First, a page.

to always make each other look good and to generally avoid controversy.
They have odd habits like no other branch of government. They wear
strange puffy black robes, and everyone has to stand up every time
they enter the room. No one feels the need to stand up when the
congressman from California's 27th district enters the
room, yet when Podunk County judge Joe Schmoe enters the courtroom,
everyone's suddenly on their feet. Unlike elected politicians who
openly criticize each other and engage in open debate, the modern
Supreme Court and the state equivalents are huddled in a back room
poring over some legal texts trying to figure out how they can best
subvert the law without losing any of their precious prestige and
legitimacy. Like any good cult, they speak sparingly with outsiders
of their own powers and of their role in society.

With
the election of 2000, the edifice has cracked, and some light has
shone in on the cult. With passions running so high, judges have
begun to show their true colors, and while this would have been
an excellent opportunity to show their supposed judicial restraint,
the Florida and U.S. Supreme courts couldn't wait to get involved.
The judicial infighting that has followed is truly a beautiful thing.
With split decisions and partisan colors flying, the courts have
been so unable to restrain themselves that the hideous innards of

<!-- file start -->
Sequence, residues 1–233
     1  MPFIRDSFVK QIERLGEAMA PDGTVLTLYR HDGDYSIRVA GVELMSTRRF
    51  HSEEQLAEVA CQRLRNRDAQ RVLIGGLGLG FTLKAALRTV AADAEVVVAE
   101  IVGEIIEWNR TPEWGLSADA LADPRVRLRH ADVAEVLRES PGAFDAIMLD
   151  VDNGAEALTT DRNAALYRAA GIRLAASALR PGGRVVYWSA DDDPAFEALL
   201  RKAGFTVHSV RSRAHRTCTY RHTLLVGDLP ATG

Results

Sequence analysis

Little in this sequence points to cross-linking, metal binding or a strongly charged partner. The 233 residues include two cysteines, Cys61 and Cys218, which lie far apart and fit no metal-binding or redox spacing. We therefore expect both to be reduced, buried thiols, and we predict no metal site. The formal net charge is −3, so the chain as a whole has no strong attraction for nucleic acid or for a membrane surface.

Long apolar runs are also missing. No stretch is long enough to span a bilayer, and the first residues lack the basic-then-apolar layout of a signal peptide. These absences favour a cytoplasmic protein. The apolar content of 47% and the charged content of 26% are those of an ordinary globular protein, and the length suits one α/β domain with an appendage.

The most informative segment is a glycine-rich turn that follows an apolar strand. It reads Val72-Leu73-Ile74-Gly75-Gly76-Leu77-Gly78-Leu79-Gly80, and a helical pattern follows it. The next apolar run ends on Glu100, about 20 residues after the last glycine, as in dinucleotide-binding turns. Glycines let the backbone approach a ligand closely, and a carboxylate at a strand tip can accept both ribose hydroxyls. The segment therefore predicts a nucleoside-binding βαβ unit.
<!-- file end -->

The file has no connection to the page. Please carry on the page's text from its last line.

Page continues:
judicial lawmaking have been flung out on the table at last. Publicly
denouncing the decisions of their colleagues, they look more like
Congressmen throwing tantrums than like judges. After this debacle,
the judicial system will have plenty of damage control to take care
of. All the claims of dispassionate deliberation and political detachment
are clearly a sham. In a time when steady and cautious rulings would
have been prudent, the courts involved in the matter have chosen
instead to let it all hang out.

While
the courts hammer away at each other, the Florida legislature prepares
to name electors as dictated by law, and the Congress stands ready
to decide the election if the matter somehow cannot be resolved
in the Electoral College. As any student of history knows, it is
in the elected branches of governments where disputed elections
have been resolved, yet after 70 years of judicial activism, the
courts just can't manage to bring themselves to allow elected officials
the job of deciding the election. This will be their undoing. If
the courts demand the power to make up new law, then they cannot
claim to be immune from the public scrutiny that lawmaking bodies
must regularly endure. Indeed, this is what the legal experts predicted
when they claimed that the Florida and U.S. Supreme courts would
never be so foolish as to get involved in the election. It is amazing
that the courts would so publicly try to wrest lawmaking authority
from Congress and the state legislatures. Such a move can only undermine
their authority in the long run. If the U.S. and state Supreme Court
judges are seen as the partisan hacks that they really are, it becomes
harder for them to claim superiority over the other branches of
government. The courts have been inveterate power grabbers for a
long, long time. The only difference now is that for the first time,
a lot of people have noticed. The whole affair reminds me of the
old saying: "It's better to keep quiet and be suspected of
stupidity than to open your mouth and remove all doubt." I
have only one thing to say to the supreme courts: keep on talking.

December
11, 2000

Ryan
McMaken is a graduate student in American politics at the University
of Colorado. He edits the Western
Mercury
.